Didn’t get the job? Rejection isn’t easy, but it’s important to leverage the progress you’ve already made with this company. In fact, this is a great opportunity for you to build a professional relationship with the hiring manager and keep things moving forward in the event another opportunity arises.
You want this person to be your advocate in the event another role opens up. Even though you didn’t get the job, you should take steps to keep moving forward. You want to use this opportunity to reinforce that you’re still interested in working for the company and that you’re willing to work toward becoming a better fit.
Here are some things you need to do if you didn't get the job:
1. Send Thanks
Even if you didn’t get the job, it’s important to thank the people who took the time to talk with you, interview you, and help you get that far in the process. They will respect you for it and appreciate the gesture. Not only that, but sending a brief thank you note after getting rejected from a job will allow you to stand out, and it will help you further your professional relationships within the company.
2. Be Understanding
Hiring isn’t easy, and rejecting people isn’t a piece of cake either. Let this person know that you understand the decision and thank them for considering you for the role. Who knows, if this person doesn’t work out, they might call you up and bring you in since you’re a “warm lead” for the role. Or, they might have a different opening they feel you might be a better fit for. That’s why it’s important to be thankful, positive, and supportive, even though you didn’t receive the offer. The truth is, you just never know what will happen!
3. Briefly Reinforce WHY You’re So Passionate About Working For This Company
If they know you’re deeply passionate about what they do, they’ll know you’re in it for more than just the money and that, if hired, you have the potential to stay at the company for a while. That’s why it’s important to reinforce why you feel so strongly about working for this particular company. So, share your “connection story” with the company, showcase a shared belief you have with the company, or share a personal experience that taught you the value of what that company does.
4. Seek Advice
Make it easy for this person to help you by asking the right questions. Remember, they’ve already gotten to know you, they know you want to work there, and they know you’re willing to do whatever it takes to get the opportunity. You’re a “warm lead” at this point, so you want to make it as easy as possible for them to choose you over someone else. Ask questions like...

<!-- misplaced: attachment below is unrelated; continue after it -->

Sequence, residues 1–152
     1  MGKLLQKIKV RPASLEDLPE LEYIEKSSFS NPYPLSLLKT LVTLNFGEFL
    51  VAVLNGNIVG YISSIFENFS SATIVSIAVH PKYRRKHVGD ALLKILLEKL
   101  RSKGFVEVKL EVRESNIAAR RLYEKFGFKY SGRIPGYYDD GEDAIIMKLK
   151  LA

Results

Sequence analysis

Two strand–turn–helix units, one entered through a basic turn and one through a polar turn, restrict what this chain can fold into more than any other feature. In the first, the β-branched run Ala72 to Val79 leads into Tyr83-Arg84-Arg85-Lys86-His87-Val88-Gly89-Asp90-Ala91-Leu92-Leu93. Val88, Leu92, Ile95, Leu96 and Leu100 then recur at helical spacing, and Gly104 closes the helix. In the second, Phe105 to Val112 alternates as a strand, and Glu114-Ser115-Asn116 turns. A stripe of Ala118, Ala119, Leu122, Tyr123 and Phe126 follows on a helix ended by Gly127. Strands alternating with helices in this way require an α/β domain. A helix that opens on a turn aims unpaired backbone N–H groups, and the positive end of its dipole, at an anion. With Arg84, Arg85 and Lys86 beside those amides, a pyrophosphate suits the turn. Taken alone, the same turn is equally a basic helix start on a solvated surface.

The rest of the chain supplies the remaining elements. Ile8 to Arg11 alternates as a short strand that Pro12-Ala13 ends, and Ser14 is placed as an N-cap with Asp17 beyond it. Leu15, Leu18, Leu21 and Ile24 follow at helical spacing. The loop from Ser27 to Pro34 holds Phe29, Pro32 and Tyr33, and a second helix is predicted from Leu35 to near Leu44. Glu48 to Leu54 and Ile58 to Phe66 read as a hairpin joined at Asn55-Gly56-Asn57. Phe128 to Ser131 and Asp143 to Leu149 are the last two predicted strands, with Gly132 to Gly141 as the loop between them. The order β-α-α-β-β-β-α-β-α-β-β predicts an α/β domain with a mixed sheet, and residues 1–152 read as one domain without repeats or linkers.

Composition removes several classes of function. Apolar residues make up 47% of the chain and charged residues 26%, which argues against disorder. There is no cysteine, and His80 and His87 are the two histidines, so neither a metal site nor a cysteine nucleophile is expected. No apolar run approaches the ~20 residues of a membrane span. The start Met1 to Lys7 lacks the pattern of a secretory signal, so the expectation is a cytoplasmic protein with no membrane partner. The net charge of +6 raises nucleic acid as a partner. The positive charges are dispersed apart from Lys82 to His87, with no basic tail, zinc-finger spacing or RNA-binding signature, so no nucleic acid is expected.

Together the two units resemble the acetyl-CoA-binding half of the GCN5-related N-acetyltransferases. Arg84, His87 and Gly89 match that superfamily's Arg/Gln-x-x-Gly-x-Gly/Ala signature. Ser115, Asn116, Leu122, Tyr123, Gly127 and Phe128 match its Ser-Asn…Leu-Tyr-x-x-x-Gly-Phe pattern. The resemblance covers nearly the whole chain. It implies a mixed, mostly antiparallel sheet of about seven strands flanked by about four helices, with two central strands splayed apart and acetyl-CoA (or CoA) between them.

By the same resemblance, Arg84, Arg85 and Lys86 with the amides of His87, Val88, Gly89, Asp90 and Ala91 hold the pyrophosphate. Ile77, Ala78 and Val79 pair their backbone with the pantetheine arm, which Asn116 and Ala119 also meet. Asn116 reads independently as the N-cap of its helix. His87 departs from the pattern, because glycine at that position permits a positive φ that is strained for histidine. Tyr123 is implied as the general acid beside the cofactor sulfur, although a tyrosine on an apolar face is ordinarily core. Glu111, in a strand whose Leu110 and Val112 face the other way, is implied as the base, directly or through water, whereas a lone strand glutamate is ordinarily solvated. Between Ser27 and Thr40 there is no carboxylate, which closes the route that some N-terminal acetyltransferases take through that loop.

- “How can I be a better fit for opportunities like this one?”
- “What do I need in order to earn opportunities like this one at your company?”
If you can find out what you need to do in order to “check off” all of the boxes, then you’ll make your candidacy more attractive in the event another opportunity opens up.
5. Take Steps To Move The Relationship Forward And Ask How You Can Keep In Touch
In order to keep this relationship moving forward, you need to ask for it. Being proactive in this situation is critical. Otherwise, your future with the company might be left up to someone else, which is a risky chance to take. Make sure you ask to stay in touch. For example, you could say something like…
“What’s the best way for me to stay in touch with you? I want to be proactive and stay on your radar for future opportunities. I really want to work for your company but I want to earn my place there.”
They’ll appreciate your proactiveness and your willingness to take ownership of the process—on their terms. It will also give you clear next steps on how you should keep this relationship moving forward.
So, remember: even if you didn’t get the job today, there’s still an opportunity to get the job tomorrow. “No, not today” doesn’t mean “no, not ever.” Leverage the progress you’ve made with this company and keep working your stuff!
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This article was originally published at an earlier date.